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I, unlike Pamela, could relate to this woman. Having come from a dysfunctional family myself and knowing how I personally made excuses for my parents, I could understand her reasoning.
There is a lot going on with the family dynamics: the lack of physical affection, the lack of understanding about face recognition (I certainly hadn't heard of it until this book brought it to light) and schizophrenia, the belief that there was something wrong with the author and not her parents (she was conditioned to this thinking from an early age), but still under all the dysfunction, the author felt there was love...as unhealthy as it was. As a child, you just don't know any better and you trust your parents. If you're raised to think this is 'normal' behavior, you do question it as you see how other families relate, but you still make excuses for your family. I was not frustrated with the author for her inability to figure things out quickly. I found her journey to discovery rather fascinating. I wish it hadn't taken her such a long time to open up and talk to others about her inability to recognize them, but with any 'affliction' the owner tends to want to hide it and will often go to great lengths not to give themselves away.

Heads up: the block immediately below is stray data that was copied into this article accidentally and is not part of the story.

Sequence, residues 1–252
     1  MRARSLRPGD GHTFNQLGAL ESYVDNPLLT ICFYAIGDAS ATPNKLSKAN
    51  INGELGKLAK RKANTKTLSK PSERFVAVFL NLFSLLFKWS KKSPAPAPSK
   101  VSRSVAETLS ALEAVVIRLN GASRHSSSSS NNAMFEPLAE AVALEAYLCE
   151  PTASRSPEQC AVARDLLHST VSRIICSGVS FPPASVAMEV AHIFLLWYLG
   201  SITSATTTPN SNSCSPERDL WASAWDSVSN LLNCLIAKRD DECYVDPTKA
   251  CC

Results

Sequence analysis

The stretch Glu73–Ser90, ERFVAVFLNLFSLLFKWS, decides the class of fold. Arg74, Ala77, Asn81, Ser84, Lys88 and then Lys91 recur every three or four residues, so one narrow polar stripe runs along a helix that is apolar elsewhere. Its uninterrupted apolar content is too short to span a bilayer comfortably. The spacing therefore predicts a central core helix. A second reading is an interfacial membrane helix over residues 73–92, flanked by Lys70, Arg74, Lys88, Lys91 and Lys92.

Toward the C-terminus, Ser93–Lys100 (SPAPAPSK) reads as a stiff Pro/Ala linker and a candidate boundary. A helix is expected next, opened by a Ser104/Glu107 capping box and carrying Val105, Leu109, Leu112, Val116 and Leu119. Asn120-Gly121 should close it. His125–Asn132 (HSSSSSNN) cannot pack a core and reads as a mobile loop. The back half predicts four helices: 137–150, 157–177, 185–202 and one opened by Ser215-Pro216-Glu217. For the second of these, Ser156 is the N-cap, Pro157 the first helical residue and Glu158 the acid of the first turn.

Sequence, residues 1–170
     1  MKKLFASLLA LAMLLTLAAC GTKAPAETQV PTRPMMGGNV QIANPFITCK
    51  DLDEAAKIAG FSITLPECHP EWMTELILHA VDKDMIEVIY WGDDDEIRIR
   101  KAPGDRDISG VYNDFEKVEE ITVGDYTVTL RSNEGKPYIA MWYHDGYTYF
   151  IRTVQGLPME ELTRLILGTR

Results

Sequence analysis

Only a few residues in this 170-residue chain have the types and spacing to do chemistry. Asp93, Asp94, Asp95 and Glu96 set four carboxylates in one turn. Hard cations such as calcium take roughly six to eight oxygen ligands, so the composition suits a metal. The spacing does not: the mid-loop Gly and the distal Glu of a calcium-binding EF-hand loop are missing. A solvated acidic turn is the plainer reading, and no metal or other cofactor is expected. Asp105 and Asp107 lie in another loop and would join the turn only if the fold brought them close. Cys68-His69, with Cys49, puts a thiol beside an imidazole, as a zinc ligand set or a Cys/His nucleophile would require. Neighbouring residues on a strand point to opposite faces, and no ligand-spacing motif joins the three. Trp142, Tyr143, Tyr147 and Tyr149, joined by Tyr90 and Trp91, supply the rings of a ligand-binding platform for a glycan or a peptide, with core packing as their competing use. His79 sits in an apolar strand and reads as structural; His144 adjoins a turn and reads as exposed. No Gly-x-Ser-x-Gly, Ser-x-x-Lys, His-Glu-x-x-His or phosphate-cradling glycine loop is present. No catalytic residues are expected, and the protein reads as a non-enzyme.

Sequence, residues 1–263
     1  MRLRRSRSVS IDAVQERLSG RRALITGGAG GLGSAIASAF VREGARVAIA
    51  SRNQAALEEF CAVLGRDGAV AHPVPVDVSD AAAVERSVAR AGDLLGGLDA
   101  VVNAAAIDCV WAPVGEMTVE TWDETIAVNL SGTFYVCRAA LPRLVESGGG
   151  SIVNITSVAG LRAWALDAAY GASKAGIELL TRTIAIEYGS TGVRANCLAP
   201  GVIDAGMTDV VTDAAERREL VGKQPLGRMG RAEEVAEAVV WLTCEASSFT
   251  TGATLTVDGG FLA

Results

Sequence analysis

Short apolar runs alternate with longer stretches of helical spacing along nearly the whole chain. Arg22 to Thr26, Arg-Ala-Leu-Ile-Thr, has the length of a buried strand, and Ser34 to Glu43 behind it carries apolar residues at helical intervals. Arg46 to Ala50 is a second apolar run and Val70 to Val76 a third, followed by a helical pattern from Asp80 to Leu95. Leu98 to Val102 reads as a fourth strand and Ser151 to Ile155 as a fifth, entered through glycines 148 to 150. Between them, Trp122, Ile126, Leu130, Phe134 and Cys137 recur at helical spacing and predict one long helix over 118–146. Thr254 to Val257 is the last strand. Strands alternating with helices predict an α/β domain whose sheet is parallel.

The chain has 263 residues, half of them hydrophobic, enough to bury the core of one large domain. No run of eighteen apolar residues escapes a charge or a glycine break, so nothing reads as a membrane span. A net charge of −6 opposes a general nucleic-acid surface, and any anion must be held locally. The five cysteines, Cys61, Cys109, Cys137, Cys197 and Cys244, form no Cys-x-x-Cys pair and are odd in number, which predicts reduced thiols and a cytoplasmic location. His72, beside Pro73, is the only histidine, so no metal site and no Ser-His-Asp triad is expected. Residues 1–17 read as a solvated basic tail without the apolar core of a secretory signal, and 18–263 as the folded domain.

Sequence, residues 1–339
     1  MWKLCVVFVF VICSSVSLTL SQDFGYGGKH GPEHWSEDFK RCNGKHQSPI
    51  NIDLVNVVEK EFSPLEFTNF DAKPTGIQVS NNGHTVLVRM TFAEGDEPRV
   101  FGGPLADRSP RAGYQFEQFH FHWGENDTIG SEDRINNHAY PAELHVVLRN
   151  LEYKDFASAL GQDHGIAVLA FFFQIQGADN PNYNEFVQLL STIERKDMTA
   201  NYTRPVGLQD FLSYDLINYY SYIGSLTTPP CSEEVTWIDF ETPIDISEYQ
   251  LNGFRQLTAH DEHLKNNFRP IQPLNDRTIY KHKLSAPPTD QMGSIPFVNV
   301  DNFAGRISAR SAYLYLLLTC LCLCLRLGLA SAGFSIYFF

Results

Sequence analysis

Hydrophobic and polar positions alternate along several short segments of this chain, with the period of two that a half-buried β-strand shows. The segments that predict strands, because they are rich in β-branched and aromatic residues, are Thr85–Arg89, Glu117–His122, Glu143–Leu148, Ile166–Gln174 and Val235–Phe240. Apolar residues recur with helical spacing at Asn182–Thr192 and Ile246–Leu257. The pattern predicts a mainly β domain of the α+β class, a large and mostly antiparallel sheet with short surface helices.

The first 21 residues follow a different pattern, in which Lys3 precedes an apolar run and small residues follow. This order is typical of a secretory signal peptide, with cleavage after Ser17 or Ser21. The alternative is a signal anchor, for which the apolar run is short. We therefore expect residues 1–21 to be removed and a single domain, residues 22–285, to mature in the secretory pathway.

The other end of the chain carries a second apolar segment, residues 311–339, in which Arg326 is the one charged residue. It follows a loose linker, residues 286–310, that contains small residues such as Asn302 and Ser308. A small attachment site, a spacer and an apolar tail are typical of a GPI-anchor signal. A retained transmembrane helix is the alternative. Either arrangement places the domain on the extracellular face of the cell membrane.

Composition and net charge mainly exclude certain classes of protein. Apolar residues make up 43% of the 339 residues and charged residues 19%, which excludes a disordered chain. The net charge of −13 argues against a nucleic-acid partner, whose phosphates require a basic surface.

I liked the reader. She gave emotion and developed the characters for me and held me captive to the end. I would read books by this author again and I would listen to books read by the narrator. Overall, I give this book the highest marks. It was not a self pitying account, but rather, it was matter of fact and with enough detail to fully give the listener a good picture of life as it was lived by the three main characters: the author, her mother, and her father.
5 of 5 people found this review helpful
Interesting read, though I became quite angry at the parents of this woman, parents who had no idea what was going on with her face-blindness, nor had enough interest in her to find out. Then I became angry at the author, who went about her life trying to deal with her disability and with her parents (I would have walked away long ago), with the age-old coping mechanism of denial. I was impatient with her as she tried to muster the courage to tell people, and judgmental of her and her comfort within contradiction - married to someone yet not living with him. I guess I just could not imagine going through life with people thinking I was being rude in not recognizing them, or that I was aloof and detached, and I probably would have told anyone and everyone right from the start of any relationship or contact. I couldn't identify with this woman's denial, and with the stress of trying to live that way.
10 of 13 people found this review helpful